Tableaux: Bringing Pictures to Life

28 Feb

Long before last year’s mannequin challenge went viral on social media, Isabella Alden and her contemporaries struck poses like statues. Tableaux vivant (which means, literally, “living pictures”) was a very popular form of entertainment in late 19th century America.

The premise was simple. People donned costumes and recreated famous scenes from literature, art, and historic events.

A 1903 photo of a woman posing as Margaret in Faust.

A 1903 photo of a woman posing as Margaret in Faust.

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On a small scale, people performed tableaux in parlors. They selected a famous scene from history or literature, donned make-shift costumes, and struck poses while other guests observed.

Isabella Alden was very familiar with tableaux. In Julia Ried Isabella described how guests at a party …

made very free use of the wraps in the dressing-room for our impromptu charades and tableaux, and shawls, cloaks, hoods and rubbers were in inextricable confusion.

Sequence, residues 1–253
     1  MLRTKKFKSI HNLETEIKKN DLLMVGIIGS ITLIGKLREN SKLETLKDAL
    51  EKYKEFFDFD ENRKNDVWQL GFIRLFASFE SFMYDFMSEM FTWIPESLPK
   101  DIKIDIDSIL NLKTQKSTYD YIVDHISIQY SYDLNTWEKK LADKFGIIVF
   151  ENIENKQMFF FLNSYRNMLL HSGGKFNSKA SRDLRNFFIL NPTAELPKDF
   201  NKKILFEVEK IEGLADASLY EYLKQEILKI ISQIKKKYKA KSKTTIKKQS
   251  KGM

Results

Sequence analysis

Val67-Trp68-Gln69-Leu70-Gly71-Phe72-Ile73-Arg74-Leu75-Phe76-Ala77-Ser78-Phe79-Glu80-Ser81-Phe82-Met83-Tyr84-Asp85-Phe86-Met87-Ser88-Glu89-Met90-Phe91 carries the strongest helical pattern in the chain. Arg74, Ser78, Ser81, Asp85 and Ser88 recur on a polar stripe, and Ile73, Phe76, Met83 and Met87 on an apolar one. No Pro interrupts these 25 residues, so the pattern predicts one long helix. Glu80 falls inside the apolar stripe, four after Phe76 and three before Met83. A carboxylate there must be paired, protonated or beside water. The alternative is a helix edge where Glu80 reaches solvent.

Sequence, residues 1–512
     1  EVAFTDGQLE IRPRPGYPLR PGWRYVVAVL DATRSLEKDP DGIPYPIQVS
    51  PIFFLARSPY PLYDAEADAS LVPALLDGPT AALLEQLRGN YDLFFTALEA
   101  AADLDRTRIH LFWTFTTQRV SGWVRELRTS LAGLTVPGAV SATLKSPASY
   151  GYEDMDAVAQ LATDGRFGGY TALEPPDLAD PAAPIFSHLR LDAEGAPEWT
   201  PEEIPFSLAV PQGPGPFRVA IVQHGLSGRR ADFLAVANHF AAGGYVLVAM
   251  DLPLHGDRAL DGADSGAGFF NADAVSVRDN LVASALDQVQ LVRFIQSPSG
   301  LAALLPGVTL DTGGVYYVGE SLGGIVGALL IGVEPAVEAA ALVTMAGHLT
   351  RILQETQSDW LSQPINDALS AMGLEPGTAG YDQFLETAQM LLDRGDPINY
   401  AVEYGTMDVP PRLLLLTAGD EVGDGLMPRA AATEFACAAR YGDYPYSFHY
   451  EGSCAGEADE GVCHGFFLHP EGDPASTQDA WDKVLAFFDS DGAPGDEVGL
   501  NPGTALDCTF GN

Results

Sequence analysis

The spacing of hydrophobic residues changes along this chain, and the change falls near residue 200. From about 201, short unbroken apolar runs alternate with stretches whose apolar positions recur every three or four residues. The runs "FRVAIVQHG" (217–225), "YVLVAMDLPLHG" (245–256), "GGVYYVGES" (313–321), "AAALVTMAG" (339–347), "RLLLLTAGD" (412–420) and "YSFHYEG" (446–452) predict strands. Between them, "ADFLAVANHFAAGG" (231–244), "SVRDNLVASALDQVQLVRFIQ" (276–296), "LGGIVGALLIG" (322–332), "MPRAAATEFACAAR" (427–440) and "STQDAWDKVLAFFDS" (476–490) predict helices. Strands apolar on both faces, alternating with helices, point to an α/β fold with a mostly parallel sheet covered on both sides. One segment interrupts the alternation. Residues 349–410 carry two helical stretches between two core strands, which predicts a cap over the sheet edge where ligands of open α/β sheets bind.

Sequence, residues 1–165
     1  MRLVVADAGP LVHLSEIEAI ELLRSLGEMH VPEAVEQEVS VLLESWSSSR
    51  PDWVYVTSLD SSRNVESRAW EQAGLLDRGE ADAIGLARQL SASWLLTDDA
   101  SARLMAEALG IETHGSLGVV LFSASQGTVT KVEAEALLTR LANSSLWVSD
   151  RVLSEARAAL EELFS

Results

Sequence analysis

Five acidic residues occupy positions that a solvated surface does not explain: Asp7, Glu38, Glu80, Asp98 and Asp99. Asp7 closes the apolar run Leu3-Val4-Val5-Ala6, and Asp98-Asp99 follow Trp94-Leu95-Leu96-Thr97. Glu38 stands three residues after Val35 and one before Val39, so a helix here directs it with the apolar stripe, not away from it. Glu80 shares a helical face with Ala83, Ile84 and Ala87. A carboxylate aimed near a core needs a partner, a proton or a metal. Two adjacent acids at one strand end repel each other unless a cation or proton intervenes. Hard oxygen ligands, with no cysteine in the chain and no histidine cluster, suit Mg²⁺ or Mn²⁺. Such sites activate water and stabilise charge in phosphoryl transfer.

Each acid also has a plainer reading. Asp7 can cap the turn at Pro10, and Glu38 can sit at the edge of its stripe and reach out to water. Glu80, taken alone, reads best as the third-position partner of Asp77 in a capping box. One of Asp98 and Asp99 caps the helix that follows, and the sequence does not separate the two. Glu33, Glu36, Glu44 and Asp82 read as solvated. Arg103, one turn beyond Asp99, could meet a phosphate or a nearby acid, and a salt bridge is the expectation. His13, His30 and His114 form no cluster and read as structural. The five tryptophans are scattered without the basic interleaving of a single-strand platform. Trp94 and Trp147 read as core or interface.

Woman in Elizabethan costume, 1903.

Woman in Elizabethan costume, 1903.

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On a large scale, churches, women’s clubs and fraternal organizations staged more elaborate tableaux on stages with scenery and props.

There were many books available to help performers turn out their best statue-like performances.

School and Parlour Tableaux by Sarah L. Stocking gave step-by-step instructions for young performers.

From School and Parlour Tableaux by Sarah Stocking

From School and Parlour Tableaux by Sarah Stocking

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While The Book of Tableaux and Shadow Pantomimes by Sarah Annie Frost featured performances with themes more suitable for adults.

Part of the table of contents for The Book of Tableaux and Pantomimes, with detailed instructions for enacting each tableau

Part of the table of contents for The Book of Tableaux and Pantomimes, with detailed instructions for enacting each tableau

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In his book, Parlor Tableaux and Amateur Theatricals, William Gill promoted tableaux as “a simple and elegant amusement,” and “a favorite entertainment of persons with taste.” He recommended that music—vocal or instrumental—be played between representations so the audience would not grow restless and to help heighten the suspense as the audience waited for the curtain to rise on the next scene.